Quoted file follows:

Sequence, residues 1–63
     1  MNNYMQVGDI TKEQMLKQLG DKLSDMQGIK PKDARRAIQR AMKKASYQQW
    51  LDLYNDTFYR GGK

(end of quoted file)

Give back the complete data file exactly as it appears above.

Sequence, residues 1–63
     1  MNNYMQVGDI TKEQMLKQLG DKLSDMQGIK PKDARRAIQR AMKKASYQQW
    51  LDLYNDTFYR GGK